Throwing is a complex motion that requires a stable foundation starting with the legs and rotation of the pelvis. The shoulder has to be stable to produce power, and the outer head of the bicep is key in stabilizing the head of your upper arm bone.
Rotating the shoulder away from the midline of the body helps the thrower throw the ball faster. However, doing so moves the top of the arm bone forward, which places stress on the connective tissue in the front of the shoulder. Over time, the connective tissue loosens, which helps the thrower rotate his or her shoulder even farther away from the midline of the body and throw the ball faster — but, as the connective tissue loosens, the thrower has less shoulder stability.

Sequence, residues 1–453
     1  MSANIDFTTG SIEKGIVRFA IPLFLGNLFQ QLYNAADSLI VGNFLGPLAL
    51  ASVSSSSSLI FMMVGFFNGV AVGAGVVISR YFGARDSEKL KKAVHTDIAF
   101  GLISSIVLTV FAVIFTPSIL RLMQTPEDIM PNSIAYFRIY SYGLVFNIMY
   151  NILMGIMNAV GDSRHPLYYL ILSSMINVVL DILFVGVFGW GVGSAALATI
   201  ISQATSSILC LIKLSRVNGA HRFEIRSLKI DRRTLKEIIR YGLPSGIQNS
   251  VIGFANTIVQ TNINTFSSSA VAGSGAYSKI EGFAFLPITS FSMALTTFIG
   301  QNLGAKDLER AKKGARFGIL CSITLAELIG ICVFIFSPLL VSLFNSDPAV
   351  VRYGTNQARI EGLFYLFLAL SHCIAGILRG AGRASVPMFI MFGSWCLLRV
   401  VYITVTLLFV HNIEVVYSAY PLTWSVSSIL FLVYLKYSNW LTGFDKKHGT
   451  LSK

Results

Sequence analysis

“It’s difficult to predict who will have problems,” says Dr. Mark Fulcher, director of hand and upper extremity surgery at Augusta University Orthopaedics. “Though we do know that kids who throw all year long — summer and school time — will experience more injuries.”
Dr. Lynn Crosby, director of shoulder surgery at Augusta University Orthopaedics, has advice for fending off throwing injuries.
“It’s important to stretch and strengthen under the supervision of an experienced athletic trainer in the preseason to prevent throwing problems,” he said.